Google employees are also starting to realise perhaps Google isn’t such an attractive place to work after all and asking questions about the company’s management practices and commitment to “Do No Evil.” This will only intensify – not only for Google but other tech companies. Suddenly, working for a Big Tech company will no longer be as attractive as it was.
2. Apple stumble
Well, Apple share prices have definitely tumbled lately, on the back of softening sales of their new iPhones, particularly in China where Apple is seen as a victim of the trade war between China and the US.
The smartphone market is definitely shrinking, and as Apple makes most of their profits from iPhones, their revenue is shrinking as well. Apple is trying to pivot to services, as the other parts of their hardware business aren’t doing so well either.
Is this the end of Apple? Probably too early to call, but even Apple fanbois and fangrrls are starting to agree Apple prices may need to come down if they want to be anything other than a luxury niche manufacturer.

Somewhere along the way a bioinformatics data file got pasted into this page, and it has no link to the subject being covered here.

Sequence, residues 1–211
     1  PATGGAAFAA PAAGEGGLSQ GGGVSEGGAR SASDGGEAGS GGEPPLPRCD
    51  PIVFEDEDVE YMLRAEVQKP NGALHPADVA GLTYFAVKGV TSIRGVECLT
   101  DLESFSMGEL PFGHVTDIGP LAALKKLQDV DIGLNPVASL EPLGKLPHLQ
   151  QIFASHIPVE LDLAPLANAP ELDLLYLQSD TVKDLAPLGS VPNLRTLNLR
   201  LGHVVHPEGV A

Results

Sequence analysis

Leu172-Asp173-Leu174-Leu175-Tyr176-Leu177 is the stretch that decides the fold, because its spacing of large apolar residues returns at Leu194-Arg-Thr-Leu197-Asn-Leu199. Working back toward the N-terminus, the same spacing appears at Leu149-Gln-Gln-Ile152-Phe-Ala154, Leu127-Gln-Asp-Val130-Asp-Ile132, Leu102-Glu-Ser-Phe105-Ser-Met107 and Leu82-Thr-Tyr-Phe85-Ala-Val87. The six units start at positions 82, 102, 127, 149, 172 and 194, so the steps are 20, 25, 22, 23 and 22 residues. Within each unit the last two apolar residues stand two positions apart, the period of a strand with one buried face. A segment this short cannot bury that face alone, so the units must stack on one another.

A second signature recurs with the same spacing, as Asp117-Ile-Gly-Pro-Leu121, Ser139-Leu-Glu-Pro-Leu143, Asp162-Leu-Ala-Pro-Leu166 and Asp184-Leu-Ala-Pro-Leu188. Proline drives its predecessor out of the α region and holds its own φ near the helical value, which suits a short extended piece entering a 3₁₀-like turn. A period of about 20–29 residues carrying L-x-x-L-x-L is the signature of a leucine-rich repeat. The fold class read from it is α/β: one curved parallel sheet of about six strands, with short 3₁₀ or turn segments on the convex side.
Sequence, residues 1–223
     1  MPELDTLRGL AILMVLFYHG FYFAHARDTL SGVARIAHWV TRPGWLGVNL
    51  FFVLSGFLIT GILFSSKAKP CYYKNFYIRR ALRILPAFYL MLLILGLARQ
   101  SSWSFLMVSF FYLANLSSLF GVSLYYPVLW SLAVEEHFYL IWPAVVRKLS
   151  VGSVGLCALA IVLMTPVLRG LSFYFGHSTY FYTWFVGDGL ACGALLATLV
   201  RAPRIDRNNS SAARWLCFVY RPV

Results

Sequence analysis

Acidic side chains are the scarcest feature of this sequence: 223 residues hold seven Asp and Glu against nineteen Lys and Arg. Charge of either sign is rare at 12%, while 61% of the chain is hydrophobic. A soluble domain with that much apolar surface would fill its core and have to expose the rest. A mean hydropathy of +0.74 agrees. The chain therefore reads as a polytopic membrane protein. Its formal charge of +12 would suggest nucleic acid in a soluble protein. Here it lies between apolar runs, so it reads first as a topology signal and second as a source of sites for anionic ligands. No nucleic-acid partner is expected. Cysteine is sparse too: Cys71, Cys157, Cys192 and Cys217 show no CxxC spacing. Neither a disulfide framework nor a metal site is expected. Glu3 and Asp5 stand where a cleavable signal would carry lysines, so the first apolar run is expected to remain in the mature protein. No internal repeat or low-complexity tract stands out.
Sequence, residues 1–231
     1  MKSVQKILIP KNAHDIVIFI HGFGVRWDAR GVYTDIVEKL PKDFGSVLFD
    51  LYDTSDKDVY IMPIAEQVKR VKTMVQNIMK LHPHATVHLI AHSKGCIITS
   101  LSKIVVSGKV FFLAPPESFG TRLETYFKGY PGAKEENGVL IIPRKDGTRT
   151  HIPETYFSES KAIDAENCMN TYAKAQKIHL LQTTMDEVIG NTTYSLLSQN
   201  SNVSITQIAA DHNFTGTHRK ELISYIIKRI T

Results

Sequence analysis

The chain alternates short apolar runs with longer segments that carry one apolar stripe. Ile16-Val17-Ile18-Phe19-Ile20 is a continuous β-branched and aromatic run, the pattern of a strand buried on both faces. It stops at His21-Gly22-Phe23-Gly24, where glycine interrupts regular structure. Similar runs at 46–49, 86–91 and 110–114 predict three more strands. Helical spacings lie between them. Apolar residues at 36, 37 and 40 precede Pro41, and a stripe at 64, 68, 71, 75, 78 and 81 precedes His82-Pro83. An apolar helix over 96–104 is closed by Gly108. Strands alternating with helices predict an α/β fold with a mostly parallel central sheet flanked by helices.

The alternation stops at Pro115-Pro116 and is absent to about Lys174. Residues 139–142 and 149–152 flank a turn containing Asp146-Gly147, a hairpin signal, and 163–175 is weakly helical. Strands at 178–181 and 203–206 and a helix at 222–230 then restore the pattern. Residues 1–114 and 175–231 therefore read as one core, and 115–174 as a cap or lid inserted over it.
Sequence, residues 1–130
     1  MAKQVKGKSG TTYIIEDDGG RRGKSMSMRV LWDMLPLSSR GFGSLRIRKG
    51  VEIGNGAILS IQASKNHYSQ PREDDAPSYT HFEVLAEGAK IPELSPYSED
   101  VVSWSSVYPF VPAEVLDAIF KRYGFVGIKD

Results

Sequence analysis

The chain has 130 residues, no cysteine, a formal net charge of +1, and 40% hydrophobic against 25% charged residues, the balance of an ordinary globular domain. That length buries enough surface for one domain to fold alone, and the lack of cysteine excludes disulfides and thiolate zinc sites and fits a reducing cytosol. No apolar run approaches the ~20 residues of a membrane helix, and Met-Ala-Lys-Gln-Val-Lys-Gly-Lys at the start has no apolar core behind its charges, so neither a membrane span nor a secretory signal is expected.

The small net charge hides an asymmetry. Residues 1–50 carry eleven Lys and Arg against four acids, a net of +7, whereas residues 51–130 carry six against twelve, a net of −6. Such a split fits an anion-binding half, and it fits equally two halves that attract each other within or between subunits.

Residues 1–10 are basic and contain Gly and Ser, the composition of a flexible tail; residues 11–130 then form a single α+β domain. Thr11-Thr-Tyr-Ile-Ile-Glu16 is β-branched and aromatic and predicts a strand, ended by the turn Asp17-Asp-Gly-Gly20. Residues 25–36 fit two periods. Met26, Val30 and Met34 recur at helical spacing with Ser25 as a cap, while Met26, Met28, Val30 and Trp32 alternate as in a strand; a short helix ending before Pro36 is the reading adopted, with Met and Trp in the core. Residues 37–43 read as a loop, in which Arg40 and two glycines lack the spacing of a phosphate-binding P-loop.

Those who value privacy will continue to prioritise Apple, but it remains to be seen what proportion of the target market cares about privacy. The well documented issues with Facebook may shift opinion, but that may not translate into increased sales for Apple.
3. Dumb human
I predicted that “Innocent bystanders will be killed by autonomous vehicles” and sadly this became true with an Uber vehicle killing a pedestrian. Arguably fake news have contributed to escalation of conflict and collateral damage around the world, not just in the US where it has driven significant polarisation of politics and the population.